As we approach the end of the year, and are seriously thinking that adding rum to out-of-date egg nog is a good idea, it might be good to look back and review the lessons we learned from some bad decisions. We can only hope that someone will learn from them instead of repeating them (that’s my Christmas wish, by the way). So let’s talk about the big takeaways.
Hiring a CEO from a different industry with little experience will end badly
From Carly Fiorina to Merissa Mayer, the one big lesson we should finally get is that an inexperienced CEO who doesn’t even come from the same technology area doesn’t magically become successful if they are a minority. I get that we don’t have enough women in tech, I do, but sticking a woman in a job she can’t succeed at is just as stupid as sticking a man in a job he can’t succeed at. You don’t get a pass because you were an equal opportunity screw up.
Seriously, either pick an experienced CEO or pick someone that understands the industry, don’t go for the trifecta of lack of experience in both and adding diversity for that little extra degree of difficulty. We go through a lot of trouble to pick qualified people for far lower-paying less critical jobs, maybe we should do the same for the top spot? Then again we’d likely miss all the drama.
Being a public corporation is suicidal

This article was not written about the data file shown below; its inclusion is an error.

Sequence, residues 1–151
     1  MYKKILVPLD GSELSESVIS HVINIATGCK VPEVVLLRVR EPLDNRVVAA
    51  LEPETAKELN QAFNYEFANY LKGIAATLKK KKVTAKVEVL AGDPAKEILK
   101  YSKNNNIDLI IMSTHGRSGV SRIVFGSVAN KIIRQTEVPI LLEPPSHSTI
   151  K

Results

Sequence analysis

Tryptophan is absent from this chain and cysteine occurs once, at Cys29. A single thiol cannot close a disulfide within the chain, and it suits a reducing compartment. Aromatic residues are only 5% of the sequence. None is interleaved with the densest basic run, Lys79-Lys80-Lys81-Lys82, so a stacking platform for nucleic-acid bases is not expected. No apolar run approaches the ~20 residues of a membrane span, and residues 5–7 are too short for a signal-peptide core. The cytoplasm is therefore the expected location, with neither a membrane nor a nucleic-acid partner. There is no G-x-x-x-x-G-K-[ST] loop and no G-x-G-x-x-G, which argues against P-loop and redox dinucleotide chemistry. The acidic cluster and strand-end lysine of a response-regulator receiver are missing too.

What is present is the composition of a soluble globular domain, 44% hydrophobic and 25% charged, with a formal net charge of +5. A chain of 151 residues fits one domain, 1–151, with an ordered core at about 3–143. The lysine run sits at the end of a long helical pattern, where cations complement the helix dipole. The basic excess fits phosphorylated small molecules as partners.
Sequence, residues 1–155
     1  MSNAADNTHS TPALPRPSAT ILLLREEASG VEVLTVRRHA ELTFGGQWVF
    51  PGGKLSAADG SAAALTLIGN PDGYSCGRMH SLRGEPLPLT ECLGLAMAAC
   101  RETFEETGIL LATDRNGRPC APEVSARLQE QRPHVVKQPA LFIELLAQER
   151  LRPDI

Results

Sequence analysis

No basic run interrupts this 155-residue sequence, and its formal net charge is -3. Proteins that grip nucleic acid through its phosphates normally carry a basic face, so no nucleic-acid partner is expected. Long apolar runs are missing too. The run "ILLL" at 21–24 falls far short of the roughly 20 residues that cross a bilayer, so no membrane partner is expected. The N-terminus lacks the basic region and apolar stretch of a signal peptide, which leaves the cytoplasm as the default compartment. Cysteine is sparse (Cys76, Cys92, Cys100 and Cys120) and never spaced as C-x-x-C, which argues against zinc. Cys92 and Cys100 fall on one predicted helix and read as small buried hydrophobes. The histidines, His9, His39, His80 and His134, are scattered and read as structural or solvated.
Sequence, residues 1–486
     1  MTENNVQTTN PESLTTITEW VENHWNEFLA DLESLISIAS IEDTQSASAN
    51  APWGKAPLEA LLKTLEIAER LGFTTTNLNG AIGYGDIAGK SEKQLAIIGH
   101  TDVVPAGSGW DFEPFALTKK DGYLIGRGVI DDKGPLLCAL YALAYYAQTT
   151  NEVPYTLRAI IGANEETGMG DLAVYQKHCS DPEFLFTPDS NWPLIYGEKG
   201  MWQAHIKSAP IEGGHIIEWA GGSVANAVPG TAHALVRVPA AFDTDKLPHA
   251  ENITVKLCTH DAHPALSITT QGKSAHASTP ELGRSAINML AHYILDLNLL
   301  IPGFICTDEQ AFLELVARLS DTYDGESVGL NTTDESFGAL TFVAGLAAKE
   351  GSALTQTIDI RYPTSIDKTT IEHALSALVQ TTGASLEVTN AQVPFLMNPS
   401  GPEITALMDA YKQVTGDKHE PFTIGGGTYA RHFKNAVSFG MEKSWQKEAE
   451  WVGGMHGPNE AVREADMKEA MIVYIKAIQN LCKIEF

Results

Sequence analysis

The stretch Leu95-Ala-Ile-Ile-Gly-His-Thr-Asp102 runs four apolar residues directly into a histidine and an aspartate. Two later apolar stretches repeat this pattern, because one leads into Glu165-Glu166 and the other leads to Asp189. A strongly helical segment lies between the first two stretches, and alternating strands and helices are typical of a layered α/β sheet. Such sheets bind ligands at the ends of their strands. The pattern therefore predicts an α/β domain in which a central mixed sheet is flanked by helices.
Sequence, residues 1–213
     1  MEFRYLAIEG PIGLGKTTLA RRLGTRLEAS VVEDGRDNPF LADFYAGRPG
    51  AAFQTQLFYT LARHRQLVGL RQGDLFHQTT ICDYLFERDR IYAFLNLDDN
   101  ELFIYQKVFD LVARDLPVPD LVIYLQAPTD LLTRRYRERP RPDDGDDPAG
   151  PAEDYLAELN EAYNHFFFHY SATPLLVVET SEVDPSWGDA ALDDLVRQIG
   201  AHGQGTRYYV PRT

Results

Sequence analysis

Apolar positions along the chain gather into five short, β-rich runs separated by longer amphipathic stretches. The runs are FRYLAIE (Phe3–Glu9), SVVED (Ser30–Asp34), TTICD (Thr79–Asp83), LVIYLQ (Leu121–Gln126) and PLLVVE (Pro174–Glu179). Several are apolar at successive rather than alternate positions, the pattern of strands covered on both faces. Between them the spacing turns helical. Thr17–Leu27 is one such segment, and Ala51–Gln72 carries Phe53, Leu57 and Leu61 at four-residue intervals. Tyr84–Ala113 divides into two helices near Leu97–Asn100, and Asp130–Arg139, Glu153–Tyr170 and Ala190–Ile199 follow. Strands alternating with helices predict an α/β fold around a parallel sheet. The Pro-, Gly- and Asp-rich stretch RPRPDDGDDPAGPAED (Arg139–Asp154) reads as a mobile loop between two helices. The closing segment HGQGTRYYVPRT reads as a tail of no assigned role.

We saw a number of companies go private over the last few years. Pretty much all are in far better shape now than they were when public. You’d think that would give folks a tad more pause when it comes to going public in the first place. I get that this seems like easy money, but the massive cost of regulatory compliance plus having to deal with “activist investors” who want to spike valuation at the cost of long-term survival isn’t worth that benefit.
Being public seems to lead to just really stupid things, like breaking a company painstakingly built over decades apart, or spending the firm’s cash reserves on dividends or stock buybacks. Either resist the stupid stuff, Google and Facebook were structured to avoid this kind of foolish influence, or don’t go public in the first place. Trading off a firm’s future for a few points in temporary stock value isn’t particularly brilliant.
Not closely managing permissions
From the Sony breach to Eric Snowden, we should get that permission management is a critical survival skill. The inability to effectively manage permissions cost the Sony pictures CEO her job and set U.S. diplomacy back more than the Trump candidacy has (though that’s getting close to changing).
Given the goal of most attacks is to gain access to our critical customer, intellectual property, financial or personal data, and that firms large and small and governments have been hit you’d think everyone and their brother would have some form of robust permission/access management service or product in place to protect aggressively against this kind of attack. But nope, this is still more of an exception than a rule even though a breach like this could cost a CEO his or her job. There aren’t a lot of CIOs who survive getting their CEO fired.
[ Related: How to stop the security breach tsunami ]
Putting data acquisition before analysis
One of the most annoying things to watch this year was the San Bernardino attack post analysis. It turned out that much of what law enforcement needed to prevent the attack was on social media and not protected. Yet instead of focusing on doing more with what it legally has access to, the U.S. government focused on collecting more information. This, unfortunately, is far from uncommon because big data as a concept got well ahead of intelligent timely analysis.